Lying outside of the cis-heteronormative peripheral are two aspects of human sexuality left unexplored. LGBT+ psychology began earnestly in the 20th century, shaking off the notion that queerness (or rather male homosexuality) was a disease or something to cure. However, the field has yet to develop a repertoire of research concerning asexual or polyamorous identities. Within and beyond the Western world, we’re still struggling to accept queerness, fully understand consent and overcome misogyny. Rape culture is rampant and online pornography remains the prime source for young people to learn about sex, sexuality, and intimacy.

So what can asexuality and polyamory do for us?

Asexuality: the lack of sexual attraction to others, or low or absent interest in or desire for sexual activity.
Polyamory: the practice of engaging in multiple sexual relationships with the consent of all the people involved.

When seeking to understand other human experiences, we have to use empathy; the ability to discern and share another person’s thoughts and feelings. Society’s tunnel-visioned view of sex and sexuality as being default cis-heterosexual, coupled with male dominance, makes it difficult for other voices to gain traction. Now we’re beginning to dispel this, leaving us to rebuild our attitudes towards sex and sexuality. What will they become? What will a world without beauty standards, male gaze, and queer erasure look like?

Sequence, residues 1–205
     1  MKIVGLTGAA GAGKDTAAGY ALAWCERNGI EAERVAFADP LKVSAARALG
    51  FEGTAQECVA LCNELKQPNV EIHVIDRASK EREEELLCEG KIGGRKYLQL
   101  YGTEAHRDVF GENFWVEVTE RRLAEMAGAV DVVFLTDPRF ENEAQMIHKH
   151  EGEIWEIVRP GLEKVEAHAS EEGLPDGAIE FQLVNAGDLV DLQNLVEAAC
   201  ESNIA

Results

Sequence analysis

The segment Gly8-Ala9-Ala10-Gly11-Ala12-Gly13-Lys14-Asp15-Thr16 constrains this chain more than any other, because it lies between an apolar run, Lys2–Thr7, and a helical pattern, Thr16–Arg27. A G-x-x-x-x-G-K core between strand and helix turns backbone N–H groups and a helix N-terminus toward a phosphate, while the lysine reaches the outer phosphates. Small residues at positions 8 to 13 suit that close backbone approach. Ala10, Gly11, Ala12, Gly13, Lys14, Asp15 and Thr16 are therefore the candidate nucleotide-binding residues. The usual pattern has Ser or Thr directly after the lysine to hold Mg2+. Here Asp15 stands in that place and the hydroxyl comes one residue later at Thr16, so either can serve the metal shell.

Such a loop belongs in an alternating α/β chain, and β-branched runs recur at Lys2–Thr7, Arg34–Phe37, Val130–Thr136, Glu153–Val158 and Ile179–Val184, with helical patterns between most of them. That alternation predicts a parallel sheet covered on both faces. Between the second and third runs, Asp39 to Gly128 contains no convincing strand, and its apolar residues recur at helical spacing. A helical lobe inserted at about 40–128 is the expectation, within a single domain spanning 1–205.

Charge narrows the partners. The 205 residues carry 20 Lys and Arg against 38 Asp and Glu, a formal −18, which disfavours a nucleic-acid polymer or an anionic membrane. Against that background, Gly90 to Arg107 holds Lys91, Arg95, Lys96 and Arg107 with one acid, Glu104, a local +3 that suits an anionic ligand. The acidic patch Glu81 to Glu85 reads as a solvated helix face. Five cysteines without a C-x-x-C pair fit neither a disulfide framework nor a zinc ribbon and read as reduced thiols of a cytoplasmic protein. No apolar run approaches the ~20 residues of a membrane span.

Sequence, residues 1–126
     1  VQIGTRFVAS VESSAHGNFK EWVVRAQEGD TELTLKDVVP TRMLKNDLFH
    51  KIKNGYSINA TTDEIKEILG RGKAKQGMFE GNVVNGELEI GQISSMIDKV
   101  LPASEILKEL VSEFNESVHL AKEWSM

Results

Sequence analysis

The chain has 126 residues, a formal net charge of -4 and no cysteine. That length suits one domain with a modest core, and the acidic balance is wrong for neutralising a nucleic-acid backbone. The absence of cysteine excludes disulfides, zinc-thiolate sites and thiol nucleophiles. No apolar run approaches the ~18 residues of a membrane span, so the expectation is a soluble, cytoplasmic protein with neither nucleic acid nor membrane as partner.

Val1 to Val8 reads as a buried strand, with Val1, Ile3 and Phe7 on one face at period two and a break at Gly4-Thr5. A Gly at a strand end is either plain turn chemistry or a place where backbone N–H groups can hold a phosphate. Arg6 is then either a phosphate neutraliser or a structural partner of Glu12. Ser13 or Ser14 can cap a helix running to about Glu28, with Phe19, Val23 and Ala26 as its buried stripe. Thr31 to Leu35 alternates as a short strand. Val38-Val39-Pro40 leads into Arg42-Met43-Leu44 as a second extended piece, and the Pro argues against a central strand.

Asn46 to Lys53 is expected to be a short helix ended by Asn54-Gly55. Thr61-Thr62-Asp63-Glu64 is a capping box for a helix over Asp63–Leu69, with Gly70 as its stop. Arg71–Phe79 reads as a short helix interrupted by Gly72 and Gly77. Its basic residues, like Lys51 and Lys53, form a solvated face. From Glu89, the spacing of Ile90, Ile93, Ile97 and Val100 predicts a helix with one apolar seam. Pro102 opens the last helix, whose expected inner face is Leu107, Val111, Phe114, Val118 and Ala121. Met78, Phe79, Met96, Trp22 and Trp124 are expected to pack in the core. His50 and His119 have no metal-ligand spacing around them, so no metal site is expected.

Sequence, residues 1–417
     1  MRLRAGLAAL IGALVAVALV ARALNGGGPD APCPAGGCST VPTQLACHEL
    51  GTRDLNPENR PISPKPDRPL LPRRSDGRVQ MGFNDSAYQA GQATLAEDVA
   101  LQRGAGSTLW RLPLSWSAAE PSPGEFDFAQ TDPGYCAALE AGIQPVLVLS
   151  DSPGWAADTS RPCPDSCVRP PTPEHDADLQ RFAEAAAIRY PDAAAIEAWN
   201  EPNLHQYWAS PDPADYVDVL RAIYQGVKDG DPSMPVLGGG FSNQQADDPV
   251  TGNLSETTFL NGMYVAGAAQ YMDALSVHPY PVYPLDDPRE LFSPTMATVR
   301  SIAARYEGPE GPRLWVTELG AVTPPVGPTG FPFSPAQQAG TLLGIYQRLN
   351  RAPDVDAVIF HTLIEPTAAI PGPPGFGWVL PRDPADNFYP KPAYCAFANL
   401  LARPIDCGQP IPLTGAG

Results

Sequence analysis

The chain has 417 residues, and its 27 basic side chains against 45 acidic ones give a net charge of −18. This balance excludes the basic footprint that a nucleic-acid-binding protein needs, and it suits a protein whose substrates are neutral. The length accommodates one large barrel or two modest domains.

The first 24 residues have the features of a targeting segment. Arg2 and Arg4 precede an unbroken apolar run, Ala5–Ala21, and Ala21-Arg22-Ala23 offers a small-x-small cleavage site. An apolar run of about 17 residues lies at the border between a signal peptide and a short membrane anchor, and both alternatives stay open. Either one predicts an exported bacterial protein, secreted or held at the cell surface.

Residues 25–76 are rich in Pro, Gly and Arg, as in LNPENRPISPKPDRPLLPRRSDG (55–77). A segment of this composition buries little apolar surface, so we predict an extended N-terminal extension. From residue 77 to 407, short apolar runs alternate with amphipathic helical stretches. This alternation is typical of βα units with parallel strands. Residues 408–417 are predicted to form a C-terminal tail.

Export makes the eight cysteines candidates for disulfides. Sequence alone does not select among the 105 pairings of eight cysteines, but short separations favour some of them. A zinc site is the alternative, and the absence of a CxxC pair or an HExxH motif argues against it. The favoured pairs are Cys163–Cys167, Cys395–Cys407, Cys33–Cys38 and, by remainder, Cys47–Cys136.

It’s hard to imagine. But we can begin by making sure that notions of sex and sexuality are inclusive and start by empathising with the ace and polyamorous communities. To the naive cis-heterosexual person, the idea of not experiencing sexual attraction can seem bizarre and raise all sorts of questions. Good questions, if asked respectfully. Suddenly, sexuality becomes a non-essential aspect of the human condition. But it is indeed a spectrum. Some asexuals still engage in sexual relationships, some experience romantic or other sorts of attraction and others retain sexual fantasies. To the naive cis-het individual, having multiple partners can also seem outlandish. Indeed, it has been quite taboo and questions may arise concerning jealousy or relationship maintenance…

However, it is really important to consider these experiences because they reveal the open-ended nature of human sexuality and present new possibilities. Acceptance of diversity is crucial for rebuilding healthier, more positive cultural expectations of sex and sexuality. Diverse sexual orientations and practices ought to be more common in public awareness, depicted more in film and TV and written about so that it’s no longer marginalised. More importantly, representation helps the ace and polyamorous communities. Normalisation means everything to queer people, who just want to get on with their lives and be happy.

So what can asexuality and polyamory do for us? They can broaden our minds, inform our attitudes and help us rebuild the scope of sex and sexuality.